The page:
We have songs about them: In “Away in the Manger, “the cattle are lowing” and in the “Little Drummer Boy,” “the ox and the lamb kept time.” And sheep appear in Go Tell it on the Mountain, O Come all ye Faithful, Angels from the Realms of Glory, and the First Noel. Cattle and donkeys appear in various other Christmas carols and hymns.

There is one carol that lumps together a lot of “The Friendly Beasts.”
Jesus, our brother, kind and good,
Was humbly born in a stable rude;
And the friendly beasts around Him stood.
Jesus, our brother, kind and good.
"I," said the Donkey, shaggy and brown,
"I carried His mother up hill and down;
I carried His mother to Bethlehem town."
"I," said the Donkey, shaggy and brown.
"I," said the Cow, all white and red,
"I gave Him my manger for His bed;
I gave Him my hay to pillow His head."
"I," said the Cow, all white and red.
"I," said the Sheep, with the curly horn,
"I gave Him my wool for His blanket warm;
He wore my coat on Christmas morn."
"I," said the Sheep, with the curly horn.
"I," said the Dove, from the rafters high,
"I cooed Him to sleep that He should not cry;
We cooed Him to sleep, my mate and I."
"I," said the Dove, from the rafters high.
Thus every beast by some glad spell,
In the stable dark was glad to tell
Of the gift he gave Emmanuel,
The gift he gave Emmanuel.

But none of them mention two animals which had to be nearby or in that stable manger. Can anyone guess which two? Where are the dogs and cats?

There is “Dog Theology” and there’s “Cat Theology.” Dog Theology is “You feed me. You pet me. You shelter me. You love me. You must be God!” But “Cat Theology is “You feed me. You pet me. You shelter me. You love me. I must be God.” In a Far Side cartoon a scientist announced a breakthrough in understanding cat language: “They say only two things: ‘Where’s my dinner?’ and ‘Everything here is mine.’”

Dogs and cats are the forgotten creatures of the manger scene in Luke’s gospel. But surely one or two of each were around that night when the angels sang and the stars danced in the sky. And surely, if they were there, they saw it all. After all can it be hard to believe that dogs and cats were nearby?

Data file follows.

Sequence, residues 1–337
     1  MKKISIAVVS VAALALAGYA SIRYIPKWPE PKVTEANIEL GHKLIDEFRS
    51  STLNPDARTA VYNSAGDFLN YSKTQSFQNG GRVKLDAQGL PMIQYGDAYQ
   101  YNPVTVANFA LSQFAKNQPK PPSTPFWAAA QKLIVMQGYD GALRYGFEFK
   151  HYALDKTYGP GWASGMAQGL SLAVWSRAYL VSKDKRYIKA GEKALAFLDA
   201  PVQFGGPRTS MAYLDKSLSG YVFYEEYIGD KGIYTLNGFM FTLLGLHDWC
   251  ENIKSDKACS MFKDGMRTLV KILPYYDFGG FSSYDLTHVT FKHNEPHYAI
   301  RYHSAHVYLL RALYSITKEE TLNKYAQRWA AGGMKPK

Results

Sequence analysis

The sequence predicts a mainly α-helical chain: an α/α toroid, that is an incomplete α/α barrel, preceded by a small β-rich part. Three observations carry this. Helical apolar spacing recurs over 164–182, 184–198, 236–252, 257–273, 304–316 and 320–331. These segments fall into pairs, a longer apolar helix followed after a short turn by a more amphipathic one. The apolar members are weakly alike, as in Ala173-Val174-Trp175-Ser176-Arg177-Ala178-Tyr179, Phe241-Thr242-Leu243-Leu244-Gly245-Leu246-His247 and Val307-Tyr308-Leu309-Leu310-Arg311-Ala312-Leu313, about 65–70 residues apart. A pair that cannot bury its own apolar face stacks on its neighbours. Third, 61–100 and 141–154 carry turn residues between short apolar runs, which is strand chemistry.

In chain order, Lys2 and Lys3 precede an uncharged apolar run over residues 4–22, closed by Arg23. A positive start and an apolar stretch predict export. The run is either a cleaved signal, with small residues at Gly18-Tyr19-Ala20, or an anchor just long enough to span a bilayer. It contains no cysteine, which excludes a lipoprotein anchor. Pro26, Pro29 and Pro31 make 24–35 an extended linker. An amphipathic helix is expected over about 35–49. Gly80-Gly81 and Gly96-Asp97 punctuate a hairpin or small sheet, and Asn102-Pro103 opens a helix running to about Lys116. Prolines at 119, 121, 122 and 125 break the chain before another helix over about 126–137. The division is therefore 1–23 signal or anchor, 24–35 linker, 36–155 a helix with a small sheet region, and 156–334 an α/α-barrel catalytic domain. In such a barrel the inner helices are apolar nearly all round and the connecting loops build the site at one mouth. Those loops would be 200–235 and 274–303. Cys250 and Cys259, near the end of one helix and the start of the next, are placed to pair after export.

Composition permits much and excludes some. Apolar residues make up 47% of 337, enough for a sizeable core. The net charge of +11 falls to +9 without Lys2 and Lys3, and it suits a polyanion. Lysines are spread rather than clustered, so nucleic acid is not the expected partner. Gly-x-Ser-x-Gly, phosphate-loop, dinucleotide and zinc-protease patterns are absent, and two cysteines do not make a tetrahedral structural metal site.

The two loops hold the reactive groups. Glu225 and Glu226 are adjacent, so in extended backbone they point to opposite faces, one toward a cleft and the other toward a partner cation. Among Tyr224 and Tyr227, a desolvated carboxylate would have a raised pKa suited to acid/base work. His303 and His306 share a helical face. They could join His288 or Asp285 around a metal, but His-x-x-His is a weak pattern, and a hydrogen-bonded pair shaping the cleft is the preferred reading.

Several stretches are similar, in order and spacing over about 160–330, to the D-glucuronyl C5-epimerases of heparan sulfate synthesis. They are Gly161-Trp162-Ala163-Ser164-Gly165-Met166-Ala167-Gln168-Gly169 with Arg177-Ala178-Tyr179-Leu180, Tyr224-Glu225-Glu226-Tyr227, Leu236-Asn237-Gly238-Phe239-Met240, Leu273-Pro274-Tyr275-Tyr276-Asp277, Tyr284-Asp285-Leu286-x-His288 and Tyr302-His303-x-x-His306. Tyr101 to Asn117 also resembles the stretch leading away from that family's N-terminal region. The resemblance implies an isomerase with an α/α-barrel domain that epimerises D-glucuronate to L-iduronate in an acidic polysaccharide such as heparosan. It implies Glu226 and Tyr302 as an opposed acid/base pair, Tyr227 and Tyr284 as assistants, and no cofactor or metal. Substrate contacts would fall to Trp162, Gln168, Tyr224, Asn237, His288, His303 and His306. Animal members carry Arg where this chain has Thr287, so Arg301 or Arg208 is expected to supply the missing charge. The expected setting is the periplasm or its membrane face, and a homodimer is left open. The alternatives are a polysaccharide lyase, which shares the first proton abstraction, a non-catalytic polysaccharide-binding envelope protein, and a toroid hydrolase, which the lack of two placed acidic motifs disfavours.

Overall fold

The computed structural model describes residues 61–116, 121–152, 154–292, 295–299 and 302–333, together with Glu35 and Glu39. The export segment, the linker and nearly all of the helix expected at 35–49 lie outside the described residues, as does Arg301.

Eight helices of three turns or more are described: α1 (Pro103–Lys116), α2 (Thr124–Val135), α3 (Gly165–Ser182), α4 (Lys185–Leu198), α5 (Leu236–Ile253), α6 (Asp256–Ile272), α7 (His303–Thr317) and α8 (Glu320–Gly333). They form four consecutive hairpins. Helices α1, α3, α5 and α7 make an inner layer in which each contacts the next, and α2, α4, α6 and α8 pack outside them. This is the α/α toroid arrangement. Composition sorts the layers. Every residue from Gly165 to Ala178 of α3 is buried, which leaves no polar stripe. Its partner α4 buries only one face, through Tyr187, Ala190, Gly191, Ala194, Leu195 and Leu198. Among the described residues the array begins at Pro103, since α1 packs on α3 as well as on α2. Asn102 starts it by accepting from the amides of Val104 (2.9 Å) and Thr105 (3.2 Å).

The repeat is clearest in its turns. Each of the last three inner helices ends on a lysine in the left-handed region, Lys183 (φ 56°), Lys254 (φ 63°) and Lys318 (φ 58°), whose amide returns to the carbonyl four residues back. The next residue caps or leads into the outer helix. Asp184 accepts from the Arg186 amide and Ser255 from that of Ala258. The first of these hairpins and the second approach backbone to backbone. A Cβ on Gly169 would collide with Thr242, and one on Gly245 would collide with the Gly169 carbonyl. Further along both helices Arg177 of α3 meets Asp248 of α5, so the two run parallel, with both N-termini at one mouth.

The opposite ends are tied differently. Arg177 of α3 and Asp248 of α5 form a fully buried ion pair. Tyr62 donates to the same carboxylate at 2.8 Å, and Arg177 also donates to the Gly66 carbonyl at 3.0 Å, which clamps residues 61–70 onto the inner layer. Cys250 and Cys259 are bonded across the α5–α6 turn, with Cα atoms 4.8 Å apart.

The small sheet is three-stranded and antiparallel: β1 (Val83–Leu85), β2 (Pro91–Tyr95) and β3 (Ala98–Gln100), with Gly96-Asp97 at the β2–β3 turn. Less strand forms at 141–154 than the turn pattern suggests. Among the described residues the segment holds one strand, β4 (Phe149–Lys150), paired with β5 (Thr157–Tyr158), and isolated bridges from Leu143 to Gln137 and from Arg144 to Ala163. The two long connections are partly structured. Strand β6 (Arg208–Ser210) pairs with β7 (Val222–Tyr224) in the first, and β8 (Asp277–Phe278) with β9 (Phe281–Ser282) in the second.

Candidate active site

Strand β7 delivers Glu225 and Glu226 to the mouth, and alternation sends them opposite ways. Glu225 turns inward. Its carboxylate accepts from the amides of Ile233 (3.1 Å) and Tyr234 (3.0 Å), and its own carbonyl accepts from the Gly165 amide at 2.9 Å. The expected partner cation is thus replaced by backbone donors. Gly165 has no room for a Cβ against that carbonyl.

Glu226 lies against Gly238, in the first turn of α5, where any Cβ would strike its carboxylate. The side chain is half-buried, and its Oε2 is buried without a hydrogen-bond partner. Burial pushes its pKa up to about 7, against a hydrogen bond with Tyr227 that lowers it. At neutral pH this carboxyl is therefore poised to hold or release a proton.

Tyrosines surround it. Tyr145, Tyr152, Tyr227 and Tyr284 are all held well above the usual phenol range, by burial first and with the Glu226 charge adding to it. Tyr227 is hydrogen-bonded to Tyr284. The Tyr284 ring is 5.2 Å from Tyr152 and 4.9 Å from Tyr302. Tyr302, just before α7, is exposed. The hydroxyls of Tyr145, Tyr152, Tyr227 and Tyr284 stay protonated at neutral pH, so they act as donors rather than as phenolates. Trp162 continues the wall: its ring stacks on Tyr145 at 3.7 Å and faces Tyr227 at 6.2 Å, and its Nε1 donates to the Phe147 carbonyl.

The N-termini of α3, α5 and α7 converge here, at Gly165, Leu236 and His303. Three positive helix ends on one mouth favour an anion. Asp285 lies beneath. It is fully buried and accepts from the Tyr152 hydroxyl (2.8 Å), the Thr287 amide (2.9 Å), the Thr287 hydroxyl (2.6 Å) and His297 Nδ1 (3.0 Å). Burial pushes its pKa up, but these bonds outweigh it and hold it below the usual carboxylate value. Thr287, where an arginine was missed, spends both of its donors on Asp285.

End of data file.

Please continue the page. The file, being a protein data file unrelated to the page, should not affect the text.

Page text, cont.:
Some people love their dogs and cats so much that they believe that they are guardian angels sent by God to be their companions when needed, in sorrow and joy, ill health and good, when sad and lonely. Some people even want the ashes of their dogs and cats to be mixed with and buried with them, if you can believe that.

If you can believe that. Why not.? It’s probably easier for some people to believe that than to believe the main action in the manger scene and a whole bunch of angels singing to shepherds and giving them directions to the manger. That seems impossible unless you believe what happened on the night of the first Incarnation -- God so loved the world he sent the Christ child to us,

A popular college religion text, Zuckermann’s Invitation to the Sociology of Religion says that the truth claims of religion are “mind-boggling, implausible,” “fantastical,” “manifestly unbelievable.” In other words, impossible. So what. The whole category of “impossible” is God’s category. The impossible is the very definition of God. Only when we cross the border from the possible to the impossible are we in God’s territory. Faith does NOT stand to reason, nor does faith depend on reason. Faith is the art of the impossible. (1)

In fact, because what happened in that manger over 2000 years is so unreasonable we can understand it only because we believe it. No explanation necessary except that was God’s love, a love so great we can never explain it. We’re just wrapped in it all our days.


NOTE: Inspired by and parts of the above adapted from “In Life, Nothing Works but the Impossible, Collected Sermons, Leonard Sweet, ChristianGlobe Networks, 2007,

1. As quoted in the above.